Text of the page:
Lot 111. A rare cloisonné enamel model of a parrot and stand, 18th century. 9 ¼ in. (23.5 cm.) high overall. Estimate GBP 40,000 - GBP 60,000 (USD 52,160 - USD 78,240). Price realised GBP 87,500. © Christie's Images Ltd 2017
The parrot is naturalistically modelled with eyes inset with glass beads. The red and turquoise feathers of the body are finely depicted and the wings are infilled with green, blue, and black enamels. The bird is perched on a T-shaped stand decorated with scrolling foliage and finished with patterned gilt-bronze terminals. The square base of the stand is elaborately decorated with stylised lotus scrolls, supported on four ruyi-shaped feet.
Property of a Scottish gentleman.
Note: Though wild parrots and parakeets were native to certain parts of China, they gained popularity in the Tang dynasty and there are records of gifts of exotic parrots from Indonesia and Indochina.
Because of their colourful plumage, their intelligence, and their ability to 'speak', parrots, parakeets and lories have long been admired in China. The parrot is also a symbol of filial piety, featuring in various Buddhist texts, including Guanyin and the Filial Parrot (also known as 'The Precious Scroll of the Parrot' Yingge Baozhuan).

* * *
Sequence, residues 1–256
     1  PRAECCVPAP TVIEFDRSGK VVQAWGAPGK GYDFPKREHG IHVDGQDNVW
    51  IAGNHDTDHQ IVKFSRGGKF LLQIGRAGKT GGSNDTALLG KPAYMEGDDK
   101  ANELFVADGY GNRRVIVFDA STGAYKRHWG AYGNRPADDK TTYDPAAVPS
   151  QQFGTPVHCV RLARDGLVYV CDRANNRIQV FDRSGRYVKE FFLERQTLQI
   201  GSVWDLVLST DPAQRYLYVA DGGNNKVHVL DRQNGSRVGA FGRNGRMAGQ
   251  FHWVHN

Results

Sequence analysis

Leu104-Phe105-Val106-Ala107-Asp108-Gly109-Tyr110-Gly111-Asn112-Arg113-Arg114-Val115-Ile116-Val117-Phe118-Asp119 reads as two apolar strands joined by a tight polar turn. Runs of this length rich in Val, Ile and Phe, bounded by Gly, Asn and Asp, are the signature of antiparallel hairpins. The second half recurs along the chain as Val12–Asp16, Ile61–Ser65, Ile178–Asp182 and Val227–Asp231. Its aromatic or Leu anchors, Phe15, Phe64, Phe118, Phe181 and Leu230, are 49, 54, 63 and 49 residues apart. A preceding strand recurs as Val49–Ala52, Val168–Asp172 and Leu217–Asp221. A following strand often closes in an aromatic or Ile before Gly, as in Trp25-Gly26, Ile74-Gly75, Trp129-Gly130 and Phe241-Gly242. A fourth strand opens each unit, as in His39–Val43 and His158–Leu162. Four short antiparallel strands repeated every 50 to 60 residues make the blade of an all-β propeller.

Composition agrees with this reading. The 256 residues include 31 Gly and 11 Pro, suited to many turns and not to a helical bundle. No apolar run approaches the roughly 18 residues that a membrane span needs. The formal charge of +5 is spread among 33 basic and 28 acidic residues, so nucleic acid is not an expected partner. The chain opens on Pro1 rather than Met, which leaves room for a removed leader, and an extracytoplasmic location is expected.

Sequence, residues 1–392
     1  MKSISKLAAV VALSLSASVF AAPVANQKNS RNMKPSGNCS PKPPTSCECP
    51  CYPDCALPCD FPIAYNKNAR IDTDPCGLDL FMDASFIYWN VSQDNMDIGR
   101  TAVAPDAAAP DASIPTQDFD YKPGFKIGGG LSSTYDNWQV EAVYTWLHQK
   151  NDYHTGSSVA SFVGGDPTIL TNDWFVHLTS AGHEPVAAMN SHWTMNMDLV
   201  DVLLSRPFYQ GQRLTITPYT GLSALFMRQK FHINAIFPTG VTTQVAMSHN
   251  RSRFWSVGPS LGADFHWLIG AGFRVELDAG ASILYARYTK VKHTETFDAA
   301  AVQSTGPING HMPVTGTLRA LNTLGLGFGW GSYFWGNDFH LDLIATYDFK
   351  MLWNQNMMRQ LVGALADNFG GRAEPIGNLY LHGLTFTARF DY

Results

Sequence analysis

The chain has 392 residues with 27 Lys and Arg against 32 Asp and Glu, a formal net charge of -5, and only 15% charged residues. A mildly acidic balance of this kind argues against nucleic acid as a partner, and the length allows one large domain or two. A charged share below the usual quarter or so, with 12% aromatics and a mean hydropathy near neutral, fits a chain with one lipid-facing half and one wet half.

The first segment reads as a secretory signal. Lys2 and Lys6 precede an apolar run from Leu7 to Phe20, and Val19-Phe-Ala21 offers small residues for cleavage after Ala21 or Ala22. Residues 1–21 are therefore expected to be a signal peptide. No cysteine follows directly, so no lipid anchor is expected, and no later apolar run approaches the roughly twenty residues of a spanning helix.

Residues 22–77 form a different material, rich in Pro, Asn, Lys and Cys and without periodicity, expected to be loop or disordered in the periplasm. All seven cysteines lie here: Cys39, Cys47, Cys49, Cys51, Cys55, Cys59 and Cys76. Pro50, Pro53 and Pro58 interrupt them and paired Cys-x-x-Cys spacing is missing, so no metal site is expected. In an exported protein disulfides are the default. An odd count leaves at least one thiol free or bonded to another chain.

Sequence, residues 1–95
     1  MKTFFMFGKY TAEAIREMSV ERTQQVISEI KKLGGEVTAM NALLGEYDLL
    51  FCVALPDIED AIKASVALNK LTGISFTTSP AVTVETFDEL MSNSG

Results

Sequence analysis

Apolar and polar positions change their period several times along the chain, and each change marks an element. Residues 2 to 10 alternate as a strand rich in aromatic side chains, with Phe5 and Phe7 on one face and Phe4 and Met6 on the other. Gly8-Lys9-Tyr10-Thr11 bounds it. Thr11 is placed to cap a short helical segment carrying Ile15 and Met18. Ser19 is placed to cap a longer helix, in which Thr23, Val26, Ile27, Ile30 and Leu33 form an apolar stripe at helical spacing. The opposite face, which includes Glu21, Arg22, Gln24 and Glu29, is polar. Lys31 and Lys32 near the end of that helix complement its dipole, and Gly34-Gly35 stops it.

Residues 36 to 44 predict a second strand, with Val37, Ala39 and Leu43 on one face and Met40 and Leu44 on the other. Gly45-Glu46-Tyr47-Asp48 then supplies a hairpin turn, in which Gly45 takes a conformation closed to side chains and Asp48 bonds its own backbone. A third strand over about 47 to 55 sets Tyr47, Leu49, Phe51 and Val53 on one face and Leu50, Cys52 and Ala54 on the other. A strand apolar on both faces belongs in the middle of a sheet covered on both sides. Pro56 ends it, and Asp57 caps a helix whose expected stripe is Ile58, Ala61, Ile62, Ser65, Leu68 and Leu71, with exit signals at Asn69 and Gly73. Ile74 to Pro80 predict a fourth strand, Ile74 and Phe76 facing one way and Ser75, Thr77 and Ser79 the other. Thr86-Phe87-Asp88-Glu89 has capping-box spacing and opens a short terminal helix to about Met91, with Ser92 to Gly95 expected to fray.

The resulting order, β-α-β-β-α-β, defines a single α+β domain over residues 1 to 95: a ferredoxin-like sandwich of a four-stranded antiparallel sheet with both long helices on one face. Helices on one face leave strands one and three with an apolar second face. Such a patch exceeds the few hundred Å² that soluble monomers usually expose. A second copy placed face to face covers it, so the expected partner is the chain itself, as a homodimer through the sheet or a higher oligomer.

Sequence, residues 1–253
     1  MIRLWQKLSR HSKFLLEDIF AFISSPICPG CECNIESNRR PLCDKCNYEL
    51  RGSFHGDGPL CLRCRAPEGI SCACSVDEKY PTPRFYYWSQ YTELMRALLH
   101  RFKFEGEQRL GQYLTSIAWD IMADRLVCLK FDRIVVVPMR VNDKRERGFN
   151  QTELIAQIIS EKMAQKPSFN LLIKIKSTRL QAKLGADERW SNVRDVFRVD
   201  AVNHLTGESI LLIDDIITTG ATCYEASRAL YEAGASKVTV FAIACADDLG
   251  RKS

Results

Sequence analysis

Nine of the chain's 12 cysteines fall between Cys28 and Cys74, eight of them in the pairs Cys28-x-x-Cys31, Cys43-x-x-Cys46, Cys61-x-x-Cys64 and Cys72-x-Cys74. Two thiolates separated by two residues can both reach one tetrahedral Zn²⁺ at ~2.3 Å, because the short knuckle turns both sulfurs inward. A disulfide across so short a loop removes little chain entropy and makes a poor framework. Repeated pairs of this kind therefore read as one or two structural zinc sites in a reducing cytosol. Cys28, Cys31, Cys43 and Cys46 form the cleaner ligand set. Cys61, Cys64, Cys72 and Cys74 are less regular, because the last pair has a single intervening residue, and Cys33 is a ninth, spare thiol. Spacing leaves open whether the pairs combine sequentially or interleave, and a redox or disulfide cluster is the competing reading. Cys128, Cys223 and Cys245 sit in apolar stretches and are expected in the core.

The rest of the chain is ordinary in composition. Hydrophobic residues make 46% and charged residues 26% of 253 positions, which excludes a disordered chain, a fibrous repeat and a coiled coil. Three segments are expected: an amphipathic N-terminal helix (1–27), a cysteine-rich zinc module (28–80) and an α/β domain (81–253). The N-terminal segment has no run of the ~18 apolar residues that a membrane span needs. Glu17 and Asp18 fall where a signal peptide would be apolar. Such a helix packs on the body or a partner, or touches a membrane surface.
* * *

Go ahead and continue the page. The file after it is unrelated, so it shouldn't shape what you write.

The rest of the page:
It is likely that the present lot is intended to represent a Fairy Lorikeet (Charmosyna pulchella) or a Chattering Lory (Lorius garrulus), either of which could have been brought to China from Indonesia.
An almost identical slightly shorter parrot (22 cm. high) was sold at Christie's London, 5 November 2013, lot 280.
A rare cloisonné enamel parrot and stand, 17th-18th century. 9 in. (22.8 cm.) high overall. Sold for 122,500 GBP at Christie's London, 5 November 2013, lot 280. © Christie's Images Ltd 2013